The Minister of Environment, Wildlife and Tourism, Kitso Mokaila, has urged people of Kachikao to take responsibility by protecting the vegetation in their locations and instill the spirit of resource conservation in their children.
Speaking recently at the 22nd National Tree Planting Day held at Kachikao in Chobe District, under the theme, ‘Conserve and Plant Tree to Mitigate the Impact of Climate Change’, the Minister said that vegetation should be protected as it provides people with food, fuel wood, building material, and good scenery.
The Chobe District, he said, is Botswana’s prime tourism destination because of the natural resources in its surroundings such as forests, perennial rivers and its geographical location where four countries, Botswana, Namibia, Zambia and Zimbabwe, meet.
“The district’s natural resources are unique due to their occurrence in the extreme northern part of the country with various tree species and forests that contribute significantly to the tourism industry,” stated the Minister. He emphasized that the natural woodlands form part of the beautiful landscape that tourists from all over the world come to enjoy hence the wilderness experience.
Mokaila said that for many years changes in environmental, social values and economic circumstances have been posing new challenges that adversely affected the productive capacity of the forest resources. These challenges, he pointed out, include, climate change, recurring droughts, declining Agricultural output, declining energy resources and increasing prices of alternative energy sources, discovery of an interest in the veld products of commercial values, loss of genetic diversity and, lastly, the issues of equitable sharing of resources.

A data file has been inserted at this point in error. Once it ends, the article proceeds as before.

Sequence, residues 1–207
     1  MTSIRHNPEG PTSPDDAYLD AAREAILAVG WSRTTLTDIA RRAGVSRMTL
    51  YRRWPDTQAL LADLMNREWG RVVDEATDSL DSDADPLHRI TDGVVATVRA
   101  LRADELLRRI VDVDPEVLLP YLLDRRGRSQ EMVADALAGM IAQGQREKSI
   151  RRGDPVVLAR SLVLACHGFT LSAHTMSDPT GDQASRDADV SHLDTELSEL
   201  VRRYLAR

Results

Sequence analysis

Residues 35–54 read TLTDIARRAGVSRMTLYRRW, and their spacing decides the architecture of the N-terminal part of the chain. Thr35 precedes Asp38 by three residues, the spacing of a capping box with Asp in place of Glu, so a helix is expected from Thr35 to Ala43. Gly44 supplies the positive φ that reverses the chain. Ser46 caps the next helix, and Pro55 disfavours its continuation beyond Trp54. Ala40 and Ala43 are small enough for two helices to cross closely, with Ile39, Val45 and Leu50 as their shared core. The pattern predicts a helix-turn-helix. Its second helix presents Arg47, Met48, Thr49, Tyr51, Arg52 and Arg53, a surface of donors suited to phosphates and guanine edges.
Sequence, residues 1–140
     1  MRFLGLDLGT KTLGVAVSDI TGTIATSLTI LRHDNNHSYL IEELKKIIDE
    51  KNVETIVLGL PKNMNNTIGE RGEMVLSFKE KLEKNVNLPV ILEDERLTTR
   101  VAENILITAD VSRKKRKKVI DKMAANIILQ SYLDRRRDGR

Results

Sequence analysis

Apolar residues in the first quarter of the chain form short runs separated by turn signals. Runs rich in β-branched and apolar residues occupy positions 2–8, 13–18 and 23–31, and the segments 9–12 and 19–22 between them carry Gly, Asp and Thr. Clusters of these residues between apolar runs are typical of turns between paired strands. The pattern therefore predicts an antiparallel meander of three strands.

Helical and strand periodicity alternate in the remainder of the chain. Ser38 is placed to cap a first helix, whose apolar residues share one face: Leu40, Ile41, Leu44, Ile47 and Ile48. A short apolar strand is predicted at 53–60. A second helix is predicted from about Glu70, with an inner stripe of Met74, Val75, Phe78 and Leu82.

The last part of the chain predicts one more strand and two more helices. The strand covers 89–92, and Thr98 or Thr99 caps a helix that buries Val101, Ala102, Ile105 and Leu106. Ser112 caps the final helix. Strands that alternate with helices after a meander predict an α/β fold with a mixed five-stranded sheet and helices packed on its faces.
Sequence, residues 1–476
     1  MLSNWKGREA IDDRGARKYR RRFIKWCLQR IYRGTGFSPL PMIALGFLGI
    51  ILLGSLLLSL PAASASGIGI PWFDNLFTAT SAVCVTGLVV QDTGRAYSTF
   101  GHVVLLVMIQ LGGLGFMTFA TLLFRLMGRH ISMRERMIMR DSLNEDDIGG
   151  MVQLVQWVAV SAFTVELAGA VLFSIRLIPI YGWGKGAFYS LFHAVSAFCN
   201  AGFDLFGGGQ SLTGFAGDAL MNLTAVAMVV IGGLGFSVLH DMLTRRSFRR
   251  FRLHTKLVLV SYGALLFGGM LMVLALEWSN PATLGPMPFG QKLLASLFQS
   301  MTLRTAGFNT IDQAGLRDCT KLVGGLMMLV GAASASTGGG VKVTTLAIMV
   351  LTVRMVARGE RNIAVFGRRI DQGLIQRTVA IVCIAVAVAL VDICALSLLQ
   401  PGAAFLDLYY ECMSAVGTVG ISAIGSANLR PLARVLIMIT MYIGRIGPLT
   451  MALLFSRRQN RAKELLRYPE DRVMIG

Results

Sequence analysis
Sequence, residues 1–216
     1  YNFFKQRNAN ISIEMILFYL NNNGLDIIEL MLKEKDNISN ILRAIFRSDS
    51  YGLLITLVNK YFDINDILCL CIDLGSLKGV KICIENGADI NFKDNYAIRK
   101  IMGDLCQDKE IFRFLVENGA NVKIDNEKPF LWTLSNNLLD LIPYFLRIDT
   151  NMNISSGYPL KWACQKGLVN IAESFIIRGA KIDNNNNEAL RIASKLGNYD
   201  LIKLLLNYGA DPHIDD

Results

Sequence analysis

Though cutting trees and clearing forests might make sense to those doing it, the Minister said people must also bear in mind that if the resources base is allowed to be degraded without due care, the consequences would be catastrophic and thus make people suffer. “This is why the government is encouraging community participation in integrated forest resource management sustainable utilization,” he added.
Mokaila said that the tree planting day was, therefore, introduced in order to increase public awareness on the importance of trees as well as to instill the spirit of conservation of forest for environmental protection of forest products.
“With this day, we also wanted to increase the provision of habitat and fodder for livestock, wildlife, and also to inspire the planting of trees around homes in order to reduce pressure on the natural woodlands for forest products,” he added.
He appealed to people to take it upon themselves to plant one tree every year to make use of the carbon-dioxide that they produce. “Planting trees does not need any educational qualifications, but just a spade and a watering can. Therefore, anyone of us can plant a tree.”